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How do perceptions of entitlement and fairness affect a negotiation?
Individuals generally seek fairness in their relationships with others. In the context of negotiation, parties will seek fairness in the negotiation process (“procedural fairness”) as well as in the outcome of the negotiation (“substantive fairness”). As such, an issue arises as to what is fair with regard to the process and allocation of resources or benefits from a negotiation. There are several commonly-accepted theories or approaches to the pursuit of fairness.
• Equality Rule – This approach seeks to afford all parties to the relationship an equal share to any resources or interests at stake or subject to division.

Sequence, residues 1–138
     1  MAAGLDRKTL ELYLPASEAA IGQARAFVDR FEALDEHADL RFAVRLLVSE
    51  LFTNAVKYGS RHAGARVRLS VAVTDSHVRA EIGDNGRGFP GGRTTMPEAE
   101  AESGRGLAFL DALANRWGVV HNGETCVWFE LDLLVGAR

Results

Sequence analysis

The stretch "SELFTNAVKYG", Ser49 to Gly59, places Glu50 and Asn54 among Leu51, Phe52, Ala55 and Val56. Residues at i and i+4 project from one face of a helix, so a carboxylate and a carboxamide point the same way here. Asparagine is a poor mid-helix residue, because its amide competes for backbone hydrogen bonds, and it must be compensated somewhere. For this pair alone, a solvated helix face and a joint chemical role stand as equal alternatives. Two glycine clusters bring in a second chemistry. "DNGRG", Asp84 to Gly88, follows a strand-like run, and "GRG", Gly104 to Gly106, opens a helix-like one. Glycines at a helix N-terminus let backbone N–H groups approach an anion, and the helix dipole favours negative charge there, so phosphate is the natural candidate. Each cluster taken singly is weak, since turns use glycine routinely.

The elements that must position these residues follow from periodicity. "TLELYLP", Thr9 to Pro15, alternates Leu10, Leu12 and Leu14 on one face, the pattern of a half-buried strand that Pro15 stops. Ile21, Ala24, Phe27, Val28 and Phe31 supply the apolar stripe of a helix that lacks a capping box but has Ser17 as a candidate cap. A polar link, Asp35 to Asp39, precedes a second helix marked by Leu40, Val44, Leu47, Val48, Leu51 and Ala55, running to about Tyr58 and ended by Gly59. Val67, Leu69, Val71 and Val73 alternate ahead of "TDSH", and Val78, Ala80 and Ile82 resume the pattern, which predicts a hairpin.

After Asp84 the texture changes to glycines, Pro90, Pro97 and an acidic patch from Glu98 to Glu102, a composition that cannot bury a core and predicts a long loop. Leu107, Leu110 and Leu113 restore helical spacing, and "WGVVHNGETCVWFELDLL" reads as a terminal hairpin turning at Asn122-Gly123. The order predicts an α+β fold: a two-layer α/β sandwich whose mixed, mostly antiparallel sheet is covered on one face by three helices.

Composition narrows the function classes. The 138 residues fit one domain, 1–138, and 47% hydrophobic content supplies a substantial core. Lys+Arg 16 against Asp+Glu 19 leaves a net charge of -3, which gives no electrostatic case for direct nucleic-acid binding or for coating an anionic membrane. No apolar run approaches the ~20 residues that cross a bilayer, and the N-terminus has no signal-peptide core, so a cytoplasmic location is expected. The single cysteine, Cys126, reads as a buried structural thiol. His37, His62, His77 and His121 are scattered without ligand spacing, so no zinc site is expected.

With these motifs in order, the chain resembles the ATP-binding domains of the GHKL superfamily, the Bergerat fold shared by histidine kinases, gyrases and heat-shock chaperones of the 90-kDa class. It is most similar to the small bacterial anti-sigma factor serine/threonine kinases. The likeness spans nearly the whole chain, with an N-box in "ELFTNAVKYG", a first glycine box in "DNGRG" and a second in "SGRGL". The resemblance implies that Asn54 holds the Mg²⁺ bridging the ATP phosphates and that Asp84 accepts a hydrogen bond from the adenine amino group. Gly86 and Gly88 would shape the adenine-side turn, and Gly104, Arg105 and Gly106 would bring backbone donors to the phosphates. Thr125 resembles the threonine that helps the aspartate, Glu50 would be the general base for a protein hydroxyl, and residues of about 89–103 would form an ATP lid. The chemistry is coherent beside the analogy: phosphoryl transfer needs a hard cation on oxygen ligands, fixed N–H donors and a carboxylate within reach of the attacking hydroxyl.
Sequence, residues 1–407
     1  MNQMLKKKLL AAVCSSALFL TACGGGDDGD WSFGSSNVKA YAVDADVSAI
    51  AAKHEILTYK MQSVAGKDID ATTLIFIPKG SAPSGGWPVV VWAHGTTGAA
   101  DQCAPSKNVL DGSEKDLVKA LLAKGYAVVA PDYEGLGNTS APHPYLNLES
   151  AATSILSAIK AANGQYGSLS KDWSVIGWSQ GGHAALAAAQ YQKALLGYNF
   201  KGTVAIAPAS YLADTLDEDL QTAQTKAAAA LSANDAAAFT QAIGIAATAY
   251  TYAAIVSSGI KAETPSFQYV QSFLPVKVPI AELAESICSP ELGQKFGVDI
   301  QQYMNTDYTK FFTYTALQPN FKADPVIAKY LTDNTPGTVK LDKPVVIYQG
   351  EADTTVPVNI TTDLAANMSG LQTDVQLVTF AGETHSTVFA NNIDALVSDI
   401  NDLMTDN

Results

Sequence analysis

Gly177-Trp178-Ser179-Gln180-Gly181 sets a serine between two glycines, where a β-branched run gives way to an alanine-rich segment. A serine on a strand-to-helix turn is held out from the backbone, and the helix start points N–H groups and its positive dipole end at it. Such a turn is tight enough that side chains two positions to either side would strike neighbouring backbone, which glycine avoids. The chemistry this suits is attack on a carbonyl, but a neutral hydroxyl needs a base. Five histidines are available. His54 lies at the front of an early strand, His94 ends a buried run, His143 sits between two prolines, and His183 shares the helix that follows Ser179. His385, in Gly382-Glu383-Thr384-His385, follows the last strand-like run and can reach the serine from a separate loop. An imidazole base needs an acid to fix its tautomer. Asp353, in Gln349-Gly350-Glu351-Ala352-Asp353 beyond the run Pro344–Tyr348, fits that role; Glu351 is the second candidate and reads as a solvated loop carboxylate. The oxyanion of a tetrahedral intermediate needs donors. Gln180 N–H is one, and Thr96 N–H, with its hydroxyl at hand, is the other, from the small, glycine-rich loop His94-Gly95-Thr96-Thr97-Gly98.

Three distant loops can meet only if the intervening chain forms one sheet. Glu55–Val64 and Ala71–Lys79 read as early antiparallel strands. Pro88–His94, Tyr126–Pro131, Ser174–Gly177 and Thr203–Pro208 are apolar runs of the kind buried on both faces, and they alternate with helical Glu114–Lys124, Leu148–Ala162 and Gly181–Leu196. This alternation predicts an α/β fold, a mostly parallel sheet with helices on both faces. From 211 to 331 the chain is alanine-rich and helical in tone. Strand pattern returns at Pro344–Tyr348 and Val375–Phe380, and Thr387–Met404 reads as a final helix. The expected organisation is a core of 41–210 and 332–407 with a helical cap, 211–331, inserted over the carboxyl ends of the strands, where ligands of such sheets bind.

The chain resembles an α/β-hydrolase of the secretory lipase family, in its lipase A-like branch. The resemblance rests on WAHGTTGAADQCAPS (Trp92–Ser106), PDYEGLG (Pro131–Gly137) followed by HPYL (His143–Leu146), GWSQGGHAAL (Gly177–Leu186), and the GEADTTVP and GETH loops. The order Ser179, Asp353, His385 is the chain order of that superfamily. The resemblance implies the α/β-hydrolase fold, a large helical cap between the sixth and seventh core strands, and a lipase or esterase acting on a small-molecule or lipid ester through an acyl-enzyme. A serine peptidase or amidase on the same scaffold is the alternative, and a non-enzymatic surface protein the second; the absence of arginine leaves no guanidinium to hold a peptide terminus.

• Equity Rule – The equity rule focuses on the contribution of all parties to the situation or relationship. It posits that a party should receive a share or resources or benefit with regard to their interest or objectives in accordance with the value that she contributes to the situation. How a contribution is valued may vary given the context of the situation, but always concerns the importance or criticality of the contribution to total benefits obtained.
• Needs-based Rule – This is a charitable approach positing that a party to a situation should receive a share of the resources or benefits based upon her level of need. The party that needs the resources or benefits the most would be entitled to the greatest share. The question becomes, at what point is a party’s need met so that other parties can receive a portion of the resources or benefits.
These theories of fairness are particularly important in purely distributive negotiation, where the pie cannot be enlarged and the negotiation is inevitably a (win-lose).